The death toll from the nation’s terrible earthquake last week is likely to increase further as crews race to clear the rubble in hard-hit areas, according to the United Nations regional humanitarian coordinator for the Syrian crisis, who announced on Thursday.
Muhannad Hadi defended the U.N.’s response to the disaster, which many in Syria have criticized as delayed and insufficient, in an interview with The Associated Press.
The U.N. has stated that 6,200 people had died in Syria, including 4,400 in the rebel-held northwest.
That number is greater than the 1,414 and 2,274 dead claimed by civil defense officials in the northwest and government officials in Damascus, respectively.
We’re hoping that there won’t be a significant increase in this number, Hadi stated. Yet, based on what we can now see, there is little reason to believe that this earthquake will be the last.
In northwest Syria, Hadi stated that there were already 4.1 million people in need of aid; many had already been relocated and are now homeless or have been uprooted.
Locals dealing with the quake’s aftermath have criticized the United Nations for taking too long to respond.
They are helping the neighborhood. Roads leading to the sole Turkish-Syrian border crossing that the U.N. is approved for usage.
However, the earthquake caused damage. The initial relief convoy to enter northwest Syria arrived three days after the quake.
The U.N. and the president of Syria, Bashar al-Assad, agreed on Monday to open two more crossings, but detractors claim the U.N.
Given the critical situation, more crossings should have been used without waiting for permission, or another method of bringing in aid should have been discovered.
The sluggish delivery of help has been condemned by Syrian rescuers and individuals who lost homes and family members in the earthquake, who claim they feel abandoned by the international community.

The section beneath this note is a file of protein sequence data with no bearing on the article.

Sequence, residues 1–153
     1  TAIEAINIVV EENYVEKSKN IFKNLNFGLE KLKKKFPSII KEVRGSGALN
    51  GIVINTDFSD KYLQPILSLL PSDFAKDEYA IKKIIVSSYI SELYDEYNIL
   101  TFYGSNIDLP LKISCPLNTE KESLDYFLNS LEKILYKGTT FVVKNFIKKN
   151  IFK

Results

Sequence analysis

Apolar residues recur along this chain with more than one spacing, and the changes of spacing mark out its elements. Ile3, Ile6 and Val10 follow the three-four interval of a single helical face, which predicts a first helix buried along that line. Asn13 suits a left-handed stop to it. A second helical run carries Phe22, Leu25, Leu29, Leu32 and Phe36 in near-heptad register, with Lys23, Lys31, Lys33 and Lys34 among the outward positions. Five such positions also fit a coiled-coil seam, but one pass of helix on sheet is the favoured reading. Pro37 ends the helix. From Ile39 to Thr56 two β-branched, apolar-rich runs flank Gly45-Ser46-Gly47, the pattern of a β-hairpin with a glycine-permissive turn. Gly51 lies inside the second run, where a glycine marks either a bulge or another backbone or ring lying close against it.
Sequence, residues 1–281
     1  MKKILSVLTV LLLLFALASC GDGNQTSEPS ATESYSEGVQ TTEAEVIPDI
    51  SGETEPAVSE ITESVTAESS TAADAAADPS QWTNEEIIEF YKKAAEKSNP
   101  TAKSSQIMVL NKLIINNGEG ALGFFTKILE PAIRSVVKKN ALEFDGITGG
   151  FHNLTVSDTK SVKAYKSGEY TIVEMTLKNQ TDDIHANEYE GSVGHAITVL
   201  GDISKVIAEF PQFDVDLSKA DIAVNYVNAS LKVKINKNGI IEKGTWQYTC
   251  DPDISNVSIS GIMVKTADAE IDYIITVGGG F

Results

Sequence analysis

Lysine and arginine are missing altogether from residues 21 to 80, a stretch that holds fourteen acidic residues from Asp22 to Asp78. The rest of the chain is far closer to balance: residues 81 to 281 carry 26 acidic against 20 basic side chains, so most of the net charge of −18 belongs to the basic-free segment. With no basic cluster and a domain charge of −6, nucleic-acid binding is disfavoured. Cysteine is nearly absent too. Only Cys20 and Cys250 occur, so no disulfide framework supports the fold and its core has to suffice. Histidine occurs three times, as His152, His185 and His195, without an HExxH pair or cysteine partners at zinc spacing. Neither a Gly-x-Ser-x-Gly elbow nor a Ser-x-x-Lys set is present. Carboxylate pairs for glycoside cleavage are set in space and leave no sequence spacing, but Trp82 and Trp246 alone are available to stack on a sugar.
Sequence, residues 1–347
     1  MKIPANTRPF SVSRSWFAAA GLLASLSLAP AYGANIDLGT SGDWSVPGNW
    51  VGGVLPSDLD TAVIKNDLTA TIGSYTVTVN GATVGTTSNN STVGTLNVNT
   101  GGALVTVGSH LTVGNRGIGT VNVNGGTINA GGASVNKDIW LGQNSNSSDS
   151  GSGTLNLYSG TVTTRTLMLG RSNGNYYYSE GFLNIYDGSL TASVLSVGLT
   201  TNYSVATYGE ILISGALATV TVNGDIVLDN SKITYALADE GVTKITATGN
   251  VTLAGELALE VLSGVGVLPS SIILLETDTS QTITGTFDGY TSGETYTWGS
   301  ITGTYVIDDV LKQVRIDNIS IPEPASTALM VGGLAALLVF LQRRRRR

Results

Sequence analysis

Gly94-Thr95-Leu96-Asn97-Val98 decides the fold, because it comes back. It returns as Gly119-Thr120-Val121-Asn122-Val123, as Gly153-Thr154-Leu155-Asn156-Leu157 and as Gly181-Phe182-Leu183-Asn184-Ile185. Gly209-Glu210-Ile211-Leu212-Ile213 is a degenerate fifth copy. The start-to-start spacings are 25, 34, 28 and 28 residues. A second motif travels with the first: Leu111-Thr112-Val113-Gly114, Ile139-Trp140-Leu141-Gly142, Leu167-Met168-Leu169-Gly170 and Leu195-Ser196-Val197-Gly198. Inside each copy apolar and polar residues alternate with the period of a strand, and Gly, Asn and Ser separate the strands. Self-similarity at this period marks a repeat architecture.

Hadi added, “I can promise you that we have done everything from the beginning. “We urged everyone to prioritize the needs of the populace. We pleaded with everyone to keep politics out of the humanitarian crisis and concentrate on helping us help the victims.
As of Thursday, 120 supply trucks, according to Hadi, have entered northwest Syria from Turkey.
No relief convoys have yet crossed into the rebel-held territories from the area under Damascus authority.
The al-Qaida-affiliated rebel group Hayat Tahrir al-Sham, which governs a large portion of the northwest, has refused to let aid enter from controlled areas.
As per Hadi, the U.N., although acknowledging that “so far, we haven’t been successful,” is “working with all stakeholders” to open the path to assistance.
The U.N. has requested $397 million to give “desperately needed, life-saving help” for the upcoming three months, including housing, food, and medical treatment.
Hadi said it is too soon to consider that more issues will likely develop as the earthquake response transitioned from providing immediate emergency aid to rebuilding.
He declared, “Right now, the humanitarian task is what we need to concentrate on.